In Through the Out Door

The markets still have room to break further ground but stock choices are getting trickier

Published: Oct 29, 2009

The wise men that matter are now more or less agreed that economic growth in the developed markets will approximate a “U” going forward. Indian investors pride themselves on always being a step ahead and so it is with growth — hence, a “V” shaped recovery is now emerging as the consensus among smart money managers. Despite being seriously battered in the last quarter of 2008 as a consequence of the havoc wreaked by a bunch of wobbly banks in the USA and Western Europe, the Indian market has been intent on emulating the hare since the global market rebound of March.
Seen in this context, the massive gush of liquidity is easier to understand.

International investors, worried about missing the right side of the “V”, have flocked back in hordes. Stock market behaviour is often (mistakenly!) interpreted as a leading indicator of economic recovery. By that token, bulls around the world and even more so in India have a lot to cheer about. Intel, Goldman Sachs and JP Morgan Chase are just candles in the dark compared to the sparkle in the current crop of second quarter earnings reports for Indian companies.

Given that a number of announcements (Bajaj Auto, HDFC Bank and TCS) just shot the lights out, the market now seems well set for a robust rally. The festive cheer of investors is reinforced by low inflation and the continuing desire of central bankers around the world to intervene in order to keep interest rates as close to zero as possible!

The news from China is even better. Iron ore imports from China set a new all-time high in August. And despite all the growling, the Chinese have willfully opted to increase their holdings of US Government bonds! Even though the greenback is plumbing new depths, it does not seem to have raised the risk of importing inflation just as yet. Put all this together and the odds must be stacked in favour of the market going higher in the next couple of weeks.

Yet a number of risks loom large. First, the process of de-leveraging in the developed economies still remains a work in progress. While it is true that the global banking system may be back on its feet, it is still seriously debilitated by credit losses and a crisis of confidence in lending. Second, the sheer pace of China’s expansion makes the prospect of overheating a genuine risk. Third, the helping hand of intervention by robotic central bankers cannot persist forever. The thought of the liquidity tap being turned off should be enough to have punters running helter skelter. Fourth, Mr Mukherjee still seems to be short of a coherent plan to tackle the fiscal deficit apart from paying lip service to “austerity”. Finally, current valuations offer absolutely no margin of safety — a single misstep and you will sink rapidly in the quick-sands of exalted expectations being shattered.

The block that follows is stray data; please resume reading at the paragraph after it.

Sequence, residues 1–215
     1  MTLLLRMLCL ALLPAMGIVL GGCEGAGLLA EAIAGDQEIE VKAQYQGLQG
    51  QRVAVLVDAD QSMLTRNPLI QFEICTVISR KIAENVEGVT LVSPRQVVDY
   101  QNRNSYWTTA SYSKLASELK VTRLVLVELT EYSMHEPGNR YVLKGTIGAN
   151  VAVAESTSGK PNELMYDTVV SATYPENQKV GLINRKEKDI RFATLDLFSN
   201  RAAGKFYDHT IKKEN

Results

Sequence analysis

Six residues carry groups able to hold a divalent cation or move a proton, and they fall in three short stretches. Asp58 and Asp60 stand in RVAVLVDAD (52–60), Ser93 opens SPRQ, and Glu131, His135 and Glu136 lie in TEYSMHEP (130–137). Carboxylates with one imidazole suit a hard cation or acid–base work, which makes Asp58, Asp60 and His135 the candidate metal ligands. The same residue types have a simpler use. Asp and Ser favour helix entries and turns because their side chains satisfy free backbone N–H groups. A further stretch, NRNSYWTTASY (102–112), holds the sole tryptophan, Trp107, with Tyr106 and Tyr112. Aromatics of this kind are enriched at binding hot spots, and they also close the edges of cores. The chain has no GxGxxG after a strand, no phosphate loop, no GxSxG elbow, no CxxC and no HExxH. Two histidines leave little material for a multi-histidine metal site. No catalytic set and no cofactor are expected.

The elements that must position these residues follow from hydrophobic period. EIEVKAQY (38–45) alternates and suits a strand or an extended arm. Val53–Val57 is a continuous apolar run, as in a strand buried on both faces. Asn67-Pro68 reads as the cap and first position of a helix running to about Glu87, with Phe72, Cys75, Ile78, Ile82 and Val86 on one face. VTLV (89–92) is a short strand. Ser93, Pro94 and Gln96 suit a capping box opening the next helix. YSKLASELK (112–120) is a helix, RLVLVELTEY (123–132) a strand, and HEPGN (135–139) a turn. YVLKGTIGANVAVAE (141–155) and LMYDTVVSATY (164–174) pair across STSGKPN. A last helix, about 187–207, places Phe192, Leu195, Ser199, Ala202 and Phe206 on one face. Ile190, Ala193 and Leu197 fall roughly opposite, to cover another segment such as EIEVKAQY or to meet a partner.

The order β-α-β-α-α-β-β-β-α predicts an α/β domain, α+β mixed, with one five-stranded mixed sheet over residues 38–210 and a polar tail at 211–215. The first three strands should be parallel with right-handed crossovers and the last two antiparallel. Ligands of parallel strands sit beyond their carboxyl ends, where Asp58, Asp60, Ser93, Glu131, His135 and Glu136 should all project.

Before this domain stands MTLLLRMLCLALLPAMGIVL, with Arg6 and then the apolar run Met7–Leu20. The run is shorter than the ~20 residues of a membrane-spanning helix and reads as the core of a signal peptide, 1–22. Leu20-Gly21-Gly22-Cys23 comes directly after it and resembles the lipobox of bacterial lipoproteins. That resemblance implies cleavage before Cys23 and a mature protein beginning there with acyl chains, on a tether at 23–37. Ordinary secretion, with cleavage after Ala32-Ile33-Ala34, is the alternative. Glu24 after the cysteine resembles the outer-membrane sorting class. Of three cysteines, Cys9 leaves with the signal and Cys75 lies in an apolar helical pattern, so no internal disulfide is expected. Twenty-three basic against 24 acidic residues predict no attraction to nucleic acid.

Clearly, the best rewards will come from identifying “resilient” businesses with sustainable earning power, metronomic cash flow and upright management with a demonstrable track record of rational capital allocation.

But herein lies the rub — if the vast majority of investors can figure these attributes out as well future returns are unlikely to set your pulse racing. It is vital to narrow the search further — seek companies where either the growth or earning power is misunderstood and greeted with scepticism! Honeywell Automation (Rs. 1,921) meets this test in spades — return on equity averages almost 30 percent in the last five years, sales growth has been handily north of 15 percent barring 2008 and the company has a truly robust, self-financing business with a pristine balance sheet. Critics are quick to point out that the company skipped paying a dividend last year despite earning Rs. 92 per share!

Equally, there is a fair bit of discomfort with the notion that all its major customers are “cyclical” and unlikely to boost capital spending at this juncture. But there is little doubt that earnings growth will exceed 35 percent in calendar 2009 and the stock trades at a reasonable multiple of 14 times earnings on that basis.

Comedian Groucho Marx may have had an inkling of what it takes to make winning investments considering that he said: “Anyone can get old (substitute rich). All you have to do is live long enough.”

(This story appears in the 06 November, 2009 issue of Forbes India. You can buy our tablet version from Magzter.com. To visit our Archives, click here.)

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  • nsridhar

    Sensible

    on Nov 8, 2009
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